Faced with the growing decline of brick-and-mortar shopping, Apple is leveraging its large network of stores and trying to create a place for people to learn new skills and gather. The new initiative is being branded as "Today at Apple" and is now available at all 495 Apple stores worldwide, 271 of which are in the U.S.

The program's class sign up sheet went live on Apple's site on Tuesday. Free classes include how to start a music project, edit photos on the iPhone, draw and paint on an iPad and even how to get started with coding. The classes range from one hour to one-and-a-half hours in length and will mostly be taught by new Creative Pros, which Apple calls "the liberal arts equivalent to Apple's technical Geniuses."

"We're creating a modern-day town square, where everyone is welcome in a space where the best of Apple comes together to connect with one another, discover a new passion, or take their skill to the next level," Apple's senior vice president of retail Angela Ahrendts said in the announcement. "We think it will be a fun and enlightening experience for everyone who joins."

Other class options include Photo and Sketch Walks (leaving the store to take photos or sketch), Teacher Tuesday (how to use technology in the classroom), Kids Hour (teaching kids to code with robots), Business Circuits (networking for entrepreneurs), Studio Hours (get help on a specific project) and a Pro Series (advanced classes). 

Additionally, select bigger cities will offer classes taught by world-class experts. For example, a music lab class in New York called "Producing Music on the iPhone" class will be taught by 18-year-old Grammy-nominated producer Steve Lacy. These pros will sometimes even perform free listening sessions. On May 20, Apple's SoHo store is hosting Kanye collaborator Estelle as she performs songs from her upcoming album.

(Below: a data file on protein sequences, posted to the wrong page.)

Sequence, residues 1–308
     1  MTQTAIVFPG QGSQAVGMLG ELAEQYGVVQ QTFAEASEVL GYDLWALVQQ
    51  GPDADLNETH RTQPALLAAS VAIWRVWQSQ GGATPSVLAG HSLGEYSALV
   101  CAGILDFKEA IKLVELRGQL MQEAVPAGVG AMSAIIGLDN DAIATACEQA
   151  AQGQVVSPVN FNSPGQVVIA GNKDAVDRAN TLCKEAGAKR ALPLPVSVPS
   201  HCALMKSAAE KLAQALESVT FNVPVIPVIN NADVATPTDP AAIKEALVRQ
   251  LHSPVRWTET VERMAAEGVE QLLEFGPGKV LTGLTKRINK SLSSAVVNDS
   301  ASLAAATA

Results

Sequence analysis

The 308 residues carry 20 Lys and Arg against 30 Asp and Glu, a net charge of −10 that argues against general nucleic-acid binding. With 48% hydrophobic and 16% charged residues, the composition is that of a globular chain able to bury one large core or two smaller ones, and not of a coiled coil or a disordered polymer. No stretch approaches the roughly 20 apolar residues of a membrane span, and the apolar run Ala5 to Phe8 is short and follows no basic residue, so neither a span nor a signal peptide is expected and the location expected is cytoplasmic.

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Editors' pick: Originally published May 17.

Ahrendts joined Apple in 2014 from Burberry (BURBY) where she served as CEO. Her past experiences also include executive vice president at Liz Claiborne, now owned by Kate Spade (KATE) , and president of Donna Karan International, under parent companies Estee Lauder (EL - Get Report) and LVMH (LVMUY) . 

Loup Ventures founder Gene Munster said Apple is trying to change people's view of its stores from somewhere just to get something fixed to a place where they can visit for entertainment and education. "This builds loyalty and also provides an opportunity for them to buy stuff while they're in the store," he explained. 

With its plan, Apple also looks to be trying to guard itself against the decline of brick-and-mortar stores in the U.S. as more and more people opt to shop online, especially on Amazon (AMZN - Get Report) . A number of major mall-based retailers including Macy's  (M - Get Report) , J.C. Penny (JCP - Get Report)  and Sears (SHLD) have been forced to shutter stores while others have been filing for Chapter 11 protection. However, Munster said he thinks Apple is already protected against the death of brick-and-mortar because of its Genius bar, which provides a place for customers to quickly get their Apple products fixed. "Everyone likes to get things fixed fast and that's generally hard to find," he noted. 

TheStreet's Jim Cramer explained the decline of brick-and-mortar as a result of people wanting to get home as soon as possible to go on Facebook (FB - Get Report) or watch Netflix (NFLX - Get Report) in the comfort of their home. "The simple fact is: whether it is time management, or ease, or the improvement of everything that you can do at home, from faster chips from Nvidia to better cellphones from Apple or better programming from Netflix or cooler games from Take Two and Activision Blizzard, it's all coming together to conspire against people going out," Cramer wrote. "That's what kills bricks and mortar."

While Apple previously taught a limited number of free "how to" classes, largely for beginners, on how to use Apple products, those classes are either being absorbed into the "Today at Apple" program or being redesigned as more in-depth classes. 

Shares of Apple were trading down about 2.6% to $151.42 in late morning trading on Wednesday amid broader market declines. The stock is up about 31% so far this year, however.  

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